Department of Human Anatomy, University of Nairobi, Nairobi, Kenya
Received date: July 20, 2015; Accepted date: August 13, 2015; Published date: August 21, 2015
Citation: John A, Poonamjeet L, Peter M, Musa N (2015) Demographic Patterns of Acoustic Shock Syndrome as Seen in a Large Call Centre. Occup Med Health Aff 3:212. doi: 10.4172/2329-6879.1000212
Copyright: © 2015 John A, et al. This is an open-access article distributed under the terms of the Creative Commons Attribution License, which permits unrestricted use, distribution, and reproduction in any medium, provided the original author and source are credited.
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Call centers represent one of the fastest growing industries in East Africa. However, there are health and safety hazards unique to this new industry. This field is underexplored for workers of call centers in East Africa and this study sought to establish the presence of acoustic shock syndrome, the age and sex characteristics of the staff involved and to determine correlation between duration of exposure and development of Acoustic shock syndrome. In a descriptive cross-sectional study, a total of 1351 employees, male 579 and female 772 subjects were recruited. They were screened for Acoustic shock syndrome. The age group of the subjects for this study ranged from 19-55 years. Those subjects with other medical conditions were excluded. The subjects were screened for acoustic shock syndrome using a questionnaire and the age, sex and duration of work was also sort. The total number of people with Acoustics shock syndrome were 385. This study has noted that 13% of workers at call centers develop Acoustic Shock syndrome irrespective of their duration of exposure. Males and females are affected equally. The peak groups affected are those with 3 and 5 years of work experience. Methods of noise measurement in such work environments need to be implemented so that a time weighted average can be established for protection of exposed workers.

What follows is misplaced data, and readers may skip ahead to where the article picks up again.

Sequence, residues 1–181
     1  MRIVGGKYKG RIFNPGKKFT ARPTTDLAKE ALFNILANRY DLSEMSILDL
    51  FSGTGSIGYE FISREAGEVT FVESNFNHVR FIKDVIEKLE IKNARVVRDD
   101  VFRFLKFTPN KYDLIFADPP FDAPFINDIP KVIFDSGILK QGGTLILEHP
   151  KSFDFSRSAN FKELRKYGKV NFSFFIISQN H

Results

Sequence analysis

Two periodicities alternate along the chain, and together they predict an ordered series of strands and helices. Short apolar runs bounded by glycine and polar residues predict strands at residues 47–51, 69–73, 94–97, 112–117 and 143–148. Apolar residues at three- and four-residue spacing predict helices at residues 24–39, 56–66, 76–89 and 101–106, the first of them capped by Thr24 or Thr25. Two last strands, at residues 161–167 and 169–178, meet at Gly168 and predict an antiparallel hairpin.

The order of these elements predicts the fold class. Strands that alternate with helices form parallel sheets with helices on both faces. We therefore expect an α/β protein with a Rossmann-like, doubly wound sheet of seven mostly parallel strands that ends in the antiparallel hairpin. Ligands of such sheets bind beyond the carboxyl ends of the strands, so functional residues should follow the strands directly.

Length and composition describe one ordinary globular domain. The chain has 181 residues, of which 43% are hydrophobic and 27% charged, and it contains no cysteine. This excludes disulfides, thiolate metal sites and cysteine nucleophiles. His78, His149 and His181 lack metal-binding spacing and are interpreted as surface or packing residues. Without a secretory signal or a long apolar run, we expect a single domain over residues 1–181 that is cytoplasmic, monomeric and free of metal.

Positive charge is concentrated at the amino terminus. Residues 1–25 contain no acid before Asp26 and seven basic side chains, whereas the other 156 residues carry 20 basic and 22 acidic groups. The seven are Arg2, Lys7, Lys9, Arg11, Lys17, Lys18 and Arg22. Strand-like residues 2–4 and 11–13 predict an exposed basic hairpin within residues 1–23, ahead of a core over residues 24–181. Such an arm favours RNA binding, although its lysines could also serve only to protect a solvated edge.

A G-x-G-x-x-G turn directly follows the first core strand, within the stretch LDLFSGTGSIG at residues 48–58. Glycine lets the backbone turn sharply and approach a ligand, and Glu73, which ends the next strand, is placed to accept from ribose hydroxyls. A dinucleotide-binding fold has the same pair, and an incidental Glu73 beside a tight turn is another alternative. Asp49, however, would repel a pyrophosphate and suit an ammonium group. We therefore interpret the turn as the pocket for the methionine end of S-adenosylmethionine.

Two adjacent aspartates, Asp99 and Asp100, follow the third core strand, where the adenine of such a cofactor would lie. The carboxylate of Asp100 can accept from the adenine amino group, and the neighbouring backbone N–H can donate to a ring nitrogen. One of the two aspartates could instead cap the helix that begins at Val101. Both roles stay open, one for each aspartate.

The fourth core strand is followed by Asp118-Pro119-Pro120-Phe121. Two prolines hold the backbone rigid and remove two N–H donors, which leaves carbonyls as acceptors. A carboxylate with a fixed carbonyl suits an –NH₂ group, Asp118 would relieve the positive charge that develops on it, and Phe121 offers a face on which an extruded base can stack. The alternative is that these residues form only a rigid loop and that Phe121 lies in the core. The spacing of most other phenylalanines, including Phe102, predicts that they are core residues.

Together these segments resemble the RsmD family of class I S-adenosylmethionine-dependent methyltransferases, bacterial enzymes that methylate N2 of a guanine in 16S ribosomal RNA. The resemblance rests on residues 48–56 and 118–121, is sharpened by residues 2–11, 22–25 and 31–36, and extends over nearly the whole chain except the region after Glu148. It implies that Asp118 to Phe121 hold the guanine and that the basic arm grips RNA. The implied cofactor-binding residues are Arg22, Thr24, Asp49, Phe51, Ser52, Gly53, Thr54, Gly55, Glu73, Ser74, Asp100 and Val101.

Call centers; Acoustic shock syndrome; Demographic; Depression
Acoustic shock is an involuntary response to a sound perceived as traumatic (acoustic incident), which causes a specific and consistent pattern of neurophysiological and psychological symptoms. These include aural pain, tinnitus, hyperacusis/phonophobia, vertigo and other unusual symptoms such as numbness or burning sensations around the ear. A range of emotional reactions including trauma, anxiety and depression can develop .
The symptoms of Acoustic shock are usually temporary, but some may persist with ensuing permanent disability. The term acoustic shock disorder (ASD) is used to identify this persistent symptom cluster
An acoustic incident is any sound that is perceived as threatening, usually a sudden/unexpected/loud sound heard near the ear. The sound is rarely loud enough or present for long enough to cause a noise induced hearing loss.
A call center is defined as a workstation where the basic tasks of a worker are carried out with the use of a phone and a computer. According to statistics, about 1.3-4% of workers are employed in call centers in the European countries. The number employed in Subsaharan Africa is rising yet occupational health measures to protect workers from harmful noise remains wanting . Call centre staff using a telephone headset are vulnerable to ASD because of the increased likelihood of exposure, close to their ear(s), to an acoustic incident randomly transmitted via the telephone line. The objective of this paper is to study the magnitude of the Acoustic shock syndrome in a big call center in East Africa.